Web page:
Women have always been a hot commodity in San Francisco. There were 50 men to a single woman in San Francisco in the 1850s, and that lopsided ratio grew as wide as 300 to one in Gold Country. Early settler Mary Jane Megquier wrote that women put on “aprons full of gold” when they arrived, enjoying the rare opportunity to make money and, by extension, gain some freedom. They were laundresses, teachers, prostitutes, cooks, merchants, and entertainers.
In this tradition, my joint-rolling neighbor, Amy*, is no stranger to the hustle. At the age of 18, this “river girl” turned down a full scholarship to the San Francisco Art Institute to care for her mother, who had broken her neck. Since then, Amy has primarily worked on grow farms and in dispensaries, rolling hundreds of joints a day. She also bakes bread, builds furniture, chops wood, and paints when she can find the time. Amy knows a techie when she sees one, and has noticed there’s a lot more of them in town. They’re driving up the price of river housing—one real estate agent told me 80 percent of his 2014 sales were all cash for second homes—and I hear most of my neighbors on the creek wondering how long they can hold out. But not Amy. She wants to open a fancy food truck with her boyfriend, the first in the area. I tell her about $4 toast, $10 green juice, and other city-wide obsessions, like “live edge dining room tables.” Once she recovers from laughing at the price I quote—at least $5,000 for the slab—she quickly names three people who would be able to supply materials and labor, and a store that might carry them. It turns out she’s good at finishing wood too.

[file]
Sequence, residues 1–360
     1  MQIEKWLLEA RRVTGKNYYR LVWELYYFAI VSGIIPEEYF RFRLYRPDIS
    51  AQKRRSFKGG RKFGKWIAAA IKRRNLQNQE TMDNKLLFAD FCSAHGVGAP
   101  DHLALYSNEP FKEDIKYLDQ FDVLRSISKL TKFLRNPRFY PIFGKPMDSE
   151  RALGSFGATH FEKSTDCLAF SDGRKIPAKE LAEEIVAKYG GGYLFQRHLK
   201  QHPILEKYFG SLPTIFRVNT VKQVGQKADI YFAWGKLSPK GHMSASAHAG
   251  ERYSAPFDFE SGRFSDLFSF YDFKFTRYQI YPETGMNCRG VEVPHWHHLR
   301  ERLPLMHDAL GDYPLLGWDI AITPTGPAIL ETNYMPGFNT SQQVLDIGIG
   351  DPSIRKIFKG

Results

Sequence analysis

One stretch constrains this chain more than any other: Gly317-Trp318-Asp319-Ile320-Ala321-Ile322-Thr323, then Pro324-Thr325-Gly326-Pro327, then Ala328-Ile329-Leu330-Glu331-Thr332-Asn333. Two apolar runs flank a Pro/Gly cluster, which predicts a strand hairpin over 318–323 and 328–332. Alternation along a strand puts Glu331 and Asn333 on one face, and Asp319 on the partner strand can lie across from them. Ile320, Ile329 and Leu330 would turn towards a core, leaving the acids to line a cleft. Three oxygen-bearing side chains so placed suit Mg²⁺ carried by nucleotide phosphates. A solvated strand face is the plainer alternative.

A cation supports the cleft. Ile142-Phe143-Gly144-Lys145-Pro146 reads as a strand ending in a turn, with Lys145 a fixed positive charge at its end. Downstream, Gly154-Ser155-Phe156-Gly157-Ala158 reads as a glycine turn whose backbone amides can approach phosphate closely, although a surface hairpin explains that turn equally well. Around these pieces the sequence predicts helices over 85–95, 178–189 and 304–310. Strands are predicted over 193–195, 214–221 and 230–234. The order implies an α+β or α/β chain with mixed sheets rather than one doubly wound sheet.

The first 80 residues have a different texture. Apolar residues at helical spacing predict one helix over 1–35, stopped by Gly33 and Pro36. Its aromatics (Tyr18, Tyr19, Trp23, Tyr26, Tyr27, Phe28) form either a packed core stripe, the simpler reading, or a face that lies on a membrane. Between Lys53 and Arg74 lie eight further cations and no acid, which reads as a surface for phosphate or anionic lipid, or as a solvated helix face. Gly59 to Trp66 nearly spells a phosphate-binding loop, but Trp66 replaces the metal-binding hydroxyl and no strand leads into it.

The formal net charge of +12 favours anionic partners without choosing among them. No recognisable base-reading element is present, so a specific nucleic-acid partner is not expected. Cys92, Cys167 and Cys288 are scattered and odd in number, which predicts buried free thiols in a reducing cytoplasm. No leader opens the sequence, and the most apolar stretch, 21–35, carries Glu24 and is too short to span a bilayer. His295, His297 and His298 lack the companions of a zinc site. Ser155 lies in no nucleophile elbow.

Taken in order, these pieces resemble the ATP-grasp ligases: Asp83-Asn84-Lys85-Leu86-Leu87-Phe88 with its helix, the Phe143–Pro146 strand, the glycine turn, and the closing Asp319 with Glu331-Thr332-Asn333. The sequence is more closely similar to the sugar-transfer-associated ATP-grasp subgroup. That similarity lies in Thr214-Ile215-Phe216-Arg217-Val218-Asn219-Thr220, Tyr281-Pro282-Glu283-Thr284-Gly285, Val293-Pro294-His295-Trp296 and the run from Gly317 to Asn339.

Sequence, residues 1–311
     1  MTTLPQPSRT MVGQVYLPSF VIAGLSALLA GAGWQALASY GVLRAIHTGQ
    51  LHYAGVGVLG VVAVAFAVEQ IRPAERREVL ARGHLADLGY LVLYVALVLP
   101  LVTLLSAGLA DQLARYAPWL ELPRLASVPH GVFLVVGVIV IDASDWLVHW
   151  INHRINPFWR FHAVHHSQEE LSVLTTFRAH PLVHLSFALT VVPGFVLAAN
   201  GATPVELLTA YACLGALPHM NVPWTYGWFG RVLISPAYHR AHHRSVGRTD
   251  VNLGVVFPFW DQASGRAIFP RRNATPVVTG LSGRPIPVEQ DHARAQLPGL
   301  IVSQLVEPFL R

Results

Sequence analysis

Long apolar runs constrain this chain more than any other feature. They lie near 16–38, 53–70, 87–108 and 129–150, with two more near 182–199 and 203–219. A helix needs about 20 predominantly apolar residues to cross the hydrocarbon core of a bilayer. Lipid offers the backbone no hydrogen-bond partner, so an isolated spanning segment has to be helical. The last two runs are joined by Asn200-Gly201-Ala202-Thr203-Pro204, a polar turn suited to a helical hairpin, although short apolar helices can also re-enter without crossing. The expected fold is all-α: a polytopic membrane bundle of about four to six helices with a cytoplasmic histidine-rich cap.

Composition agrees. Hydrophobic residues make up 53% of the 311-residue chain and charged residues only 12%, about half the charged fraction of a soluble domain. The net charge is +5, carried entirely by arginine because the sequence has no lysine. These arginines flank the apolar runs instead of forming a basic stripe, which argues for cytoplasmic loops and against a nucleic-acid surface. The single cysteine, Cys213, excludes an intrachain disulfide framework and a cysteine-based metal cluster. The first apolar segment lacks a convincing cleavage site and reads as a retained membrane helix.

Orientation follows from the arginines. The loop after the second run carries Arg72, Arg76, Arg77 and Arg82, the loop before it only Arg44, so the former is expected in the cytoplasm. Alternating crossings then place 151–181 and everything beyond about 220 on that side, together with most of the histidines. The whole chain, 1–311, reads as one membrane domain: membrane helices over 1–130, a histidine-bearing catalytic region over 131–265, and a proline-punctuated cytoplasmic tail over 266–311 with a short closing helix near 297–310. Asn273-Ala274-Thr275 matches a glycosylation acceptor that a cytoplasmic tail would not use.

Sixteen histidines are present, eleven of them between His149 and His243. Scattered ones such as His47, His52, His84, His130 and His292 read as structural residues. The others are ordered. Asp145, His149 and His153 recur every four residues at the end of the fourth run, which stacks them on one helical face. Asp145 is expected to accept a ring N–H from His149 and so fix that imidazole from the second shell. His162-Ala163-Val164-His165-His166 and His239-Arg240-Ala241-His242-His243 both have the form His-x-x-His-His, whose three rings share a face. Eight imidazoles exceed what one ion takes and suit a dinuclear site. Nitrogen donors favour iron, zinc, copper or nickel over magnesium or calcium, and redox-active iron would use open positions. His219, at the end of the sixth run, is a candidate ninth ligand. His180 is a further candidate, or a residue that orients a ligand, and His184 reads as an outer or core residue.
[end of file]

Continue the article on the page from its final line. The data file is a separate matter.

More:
Whether they were pioneers or profiteers, access to few women has always coaxed a little creativity out of men’s brains. During the Gold Rush, they wrote home to their families and friends asking for leads, and then courted them by mail. There were so many ads for brides placed in newspapers that there was one publication, the Matrimonial Papers, solely devoted to the cause. Young brides who had never met their intendeds arrived by boats, wagons, and, later, trains. Today, they use planes. There are start-ups that fly women in from New York and play matchmaker. Maybe that angry guy from the coffee shop could make an app that connects women who want to take choppers to Napa with men who want to charter them. I hear about Hinge a lot, an app that sorts the dating pool by matching potential mates based on Facebook friends. The fulcrum it rests on is elitism. Dates come “vetted.”